"Oh, yes, these are pretty, too," Deunan took their smell, "and they have a nice scent. But only pretty mild."
"That's mostly because I'm not heating much, only about eighteen degrees. You know, I'm heating...," Ayako explained hastily, "...if I had known you would come over, I had..."
"No, it's ok," Deunan interrupted her, "I just keep my jacket on. Anything to make you comfortable."
When she aimed to flop on a leather armchair nonchalantly, Ayako tried to hold her back: "Ah, not there," but it was too late.
"Ouch!" Deunan squealed quietly when the chair striked her rear.
"Sorry, should have told you to take seat on the sofa," Ayako advised her boss, "I had the chair reinforced. Something to drink? Green tea?"
"Oh thanks, green tea is fine, but not too much trouble," Deunan took the offer and Ayako left for the kitchen. Time for Deunan to examine the armchair.
"No trouble, I have it always prepared," she shouted from the kitchen and came back immediately with a teapot and mugs in her hands.
Caught red-handed, Deunan explained her interest in it: "a stylish chair, like all your furniture. Our sofas and chairs all look pretty ratty once Briareos had sat in them for a while."
"Yeah, I had that problem, too," Ayako sat down on her chair slowly, and took a sip of tea: "when it was nearly worn out I didn't want to scrap it, so I took it to a carpenter and he added a metal frame along the wood. And of course, he had removed all the springs and had put a thin gel cushion on the seating instead."
"So now one need REAL buns of steel to sit in it?" Deunan joked. Ayako blushed, and Deunan noticed she made her subordinate uneasy again. "Sorry, I meant... ," she wanted to apologize, but Ayako was already yelling.
"I know what you meant!" - "I...I'm sorry, Ma'am," she continued, daunted by her own emotional release.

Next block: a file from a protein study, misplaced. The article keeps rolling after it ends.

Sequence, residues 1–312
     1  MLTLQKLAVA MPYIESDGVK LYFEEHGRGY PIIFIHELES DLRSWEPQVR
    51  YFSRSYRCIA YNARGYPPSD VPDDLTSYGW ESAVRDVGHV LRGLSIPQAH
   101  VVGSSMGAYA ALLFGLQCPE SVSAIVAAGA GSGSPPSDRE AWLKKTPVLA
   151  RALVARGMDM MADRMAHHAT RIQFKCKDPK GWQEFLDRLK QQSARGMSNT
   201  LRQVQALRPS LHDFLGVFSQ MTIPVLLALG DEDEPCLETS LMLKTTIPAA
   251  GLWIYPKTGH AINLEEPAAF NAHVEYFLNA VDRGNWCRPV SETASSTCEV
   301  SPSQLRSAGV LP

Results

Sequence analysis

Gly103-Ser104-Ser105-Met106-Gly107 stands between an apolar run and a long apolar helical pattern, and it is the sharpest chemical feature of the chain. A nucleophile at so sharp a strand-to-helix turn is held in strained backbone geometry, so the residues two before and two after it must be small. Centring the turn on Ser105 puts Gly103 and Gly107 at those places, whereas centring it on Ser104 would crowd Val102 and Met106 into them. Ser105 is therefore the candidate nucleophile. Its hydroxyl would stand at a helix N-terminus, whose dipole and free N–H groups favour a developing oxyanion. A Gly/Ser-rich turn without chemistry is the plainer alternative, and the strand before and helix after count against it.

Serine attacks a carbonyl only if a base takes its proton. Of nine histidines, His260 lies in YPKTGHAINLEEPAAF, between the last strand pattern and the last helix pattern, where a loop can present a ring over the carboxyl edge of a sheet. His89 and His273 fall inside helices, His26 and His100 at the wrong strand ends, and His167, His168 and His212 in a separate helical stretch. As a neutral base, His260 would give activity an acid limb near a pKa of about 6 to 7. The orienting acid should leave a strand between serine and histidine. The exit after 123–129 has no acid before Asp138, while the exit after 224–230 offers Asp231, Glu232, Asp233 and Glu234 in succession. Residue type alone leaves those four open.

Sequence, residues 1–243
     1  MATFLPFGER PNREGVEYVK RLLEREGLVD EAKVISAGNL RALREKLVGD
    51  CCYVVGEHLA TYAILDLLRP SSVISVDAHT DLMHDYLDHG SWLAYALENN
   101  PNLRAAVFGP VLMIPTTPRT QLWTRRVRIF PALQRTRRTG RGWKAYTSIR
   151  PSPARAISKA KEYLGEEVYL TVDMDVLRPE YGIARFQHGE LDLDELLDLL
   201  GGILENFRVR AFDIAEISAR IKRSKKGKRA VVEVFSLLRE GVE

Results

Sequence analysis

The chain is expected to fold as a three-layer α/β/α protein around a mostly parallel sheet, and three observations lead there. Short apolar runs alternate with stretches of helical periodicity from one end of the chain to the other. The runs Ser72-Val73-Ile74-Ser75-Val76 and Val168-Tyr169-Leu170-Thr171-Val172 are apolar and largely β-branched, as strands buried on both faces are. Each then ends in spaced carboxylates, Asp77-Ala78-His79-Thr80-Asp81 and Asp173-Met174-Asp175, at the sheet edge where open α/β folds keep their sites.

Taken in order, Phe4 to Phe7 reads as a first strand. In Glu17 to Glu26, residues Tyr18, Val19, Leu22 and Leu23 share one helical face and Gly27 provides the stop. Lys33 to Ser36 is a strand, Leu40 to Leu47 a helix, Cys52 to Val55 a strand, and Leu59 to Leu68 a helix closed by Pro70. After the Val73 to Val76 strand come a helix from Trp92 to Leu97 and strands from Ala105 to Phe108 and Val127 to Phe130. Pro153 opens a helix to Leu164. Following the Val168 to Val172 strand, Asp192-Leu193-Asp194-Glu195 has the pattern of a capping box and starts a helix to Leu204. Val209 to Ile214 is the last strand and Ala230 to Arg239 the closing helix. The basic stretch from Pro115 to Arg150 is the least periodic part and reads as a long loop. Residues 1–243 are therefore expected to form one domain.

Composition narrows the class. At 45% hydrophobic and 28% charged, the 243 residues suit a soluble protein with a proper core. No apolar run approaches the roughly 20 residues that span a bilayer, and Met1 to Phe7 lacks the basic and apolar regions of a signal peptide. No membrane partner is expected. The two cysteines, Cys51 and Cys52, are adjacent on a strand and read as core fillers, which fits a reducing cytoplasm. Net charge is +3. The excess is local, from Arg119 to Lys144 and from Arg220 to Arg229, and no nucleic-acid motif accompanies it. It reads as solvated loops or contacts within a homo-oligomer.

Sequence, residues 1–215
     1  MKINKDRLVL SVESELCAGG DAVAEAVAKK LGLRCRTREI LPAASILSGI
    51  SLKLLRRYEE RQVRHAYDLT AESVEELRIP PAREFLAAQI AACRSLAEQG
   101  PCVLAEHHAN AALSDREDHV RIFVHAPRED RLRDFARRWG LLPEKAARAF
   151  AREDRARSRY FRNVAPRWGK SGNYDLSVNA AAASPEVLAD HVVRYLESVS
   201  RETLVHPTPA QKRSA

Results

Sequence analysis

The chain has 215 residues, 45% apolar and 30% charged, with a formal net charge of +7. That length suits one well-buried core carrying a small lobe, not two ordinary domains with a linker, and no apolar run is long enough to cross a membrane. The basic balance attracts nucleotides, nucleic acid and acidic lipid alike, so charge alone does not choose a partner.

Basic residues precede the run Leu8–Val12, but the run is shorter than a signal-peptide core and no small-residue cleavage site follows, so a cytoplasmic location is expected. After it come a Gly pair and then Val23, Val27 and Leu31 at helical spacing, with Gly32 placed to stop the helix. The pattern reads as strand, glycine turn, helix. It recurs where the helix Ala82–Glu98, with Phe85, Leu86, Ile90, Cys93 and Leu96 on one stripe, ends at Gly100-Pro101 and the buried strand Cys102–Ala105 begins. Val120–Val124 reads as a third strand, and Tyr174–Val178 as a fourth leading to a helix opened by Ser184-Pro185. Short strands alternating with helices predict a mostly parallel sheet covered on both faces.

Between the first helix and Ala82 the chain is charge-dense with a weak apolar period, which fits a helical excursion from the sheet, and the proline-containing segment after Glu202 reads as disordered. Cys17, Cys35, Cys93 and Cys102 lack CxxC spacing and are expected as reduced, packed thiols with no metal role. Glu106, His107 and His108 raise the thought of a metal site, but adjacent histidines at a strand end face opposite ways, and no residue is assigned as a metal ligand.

Deunan hadn't expected such an reaction and spluttered an excuse herself: "I'm sorry, I'd been sometimes said to have 'buns of steel' myself, yet I failed your chair. It was a bad joke. Sorry." She took an endless number of small sips from her tea mug to drown out the following silence.
"To bring us back to topic," Deunan neglected her fruitless attempt of chatting, "I think you already know why I'm here." Silence took the room again, and Deunan noticed her subordinate was still feeling discomposed.
"Kicking my butt," Ayako replied in a hushed tone. Even knowing Ayako's insecurity for a while, Deunan was still perplexed by the whole difference between her apperance and her character. It was surreal to see this bulky, metal-clad, power-boosted woman in such a depressed mood. Not to mention kicking her... Deunan had to disregard the thought.
"Well, yes, I have serious business with you," Deunan continued, discarding the setting, "we have this performance review running, and your performance was..."
"Bad", Ayako sniveled. "No!" Deunan exclaimed, "Not bad, but what you've said to that hostagetaker will get us into trouble," she continued. "Lance suggested I should talk to you beforehand."
"Beforehand?" Ayako was puzzled.
"There will be an official hearing about the performance review and your 'great monologue' is in the files. Lance thinks the committee will be nitpicking on this. At least the whole idea of this performance review was to dump ESWAT, we think."
"I, ... I don't even remember what I've said then," Ayako trembled.
Deunan refreshed her memory: "it was along the lines of 'I certainly had choked you to death if you have had killed the boy.' Certainly nothing a policeman should ever do. Neither say."
Ayako bursted into tears again. "I... I'm sorry... I didn't mean to...," she hesitated to say, "...I'm not really a policeman...," and sobbed again, "...I'm just a ki..ll..er...," she cried out loud.
Deunan had to stop this nonsense. Immediately. "Constable Boer. No. Constable Ontemba, spring to attention!" she commanded. ESWAT wasn't exactly trained like military drill, but Ayako vaguely knew what she was expected to do. She leaped to her feet, took a straight posture, put her hands on her side and ... finally tried to hold back her tears. Deunan was relieved she found a cure against the continous blubbering. No way to talk in plain language with such a person.
"Okay, constable Ontemba, the reason I'm here is to prepare you for the coming hearing on the performance review. Understood?" Deunan reasoned. Ayako was still in shock about the command. "Understood?" Deunan repeated.
"Understood," Ayako replied quietly.
"Louder, I cannot hear you!" Deunan commanded.
"UNDERSTOOD!" she replied.
"Good. The most time of the hearing your attendance is not required. You will only be called as a witness when the committee decides it needs you. Understood?"
"UNDERSTOOD!" Ayako replied again.
Deunan continued: "You will tell the truth, no strings attached. Understood?"
"Good. And you won't collapse and talk gibberish about being a killer or similar nonsense. Understood?" Deunan commanded. Ayako trembled again. "Constable Ontemba, have you understood?" Deunan asked again. No answer, Ayako looked as she was turned into stone. If there were not the tears in her eyes.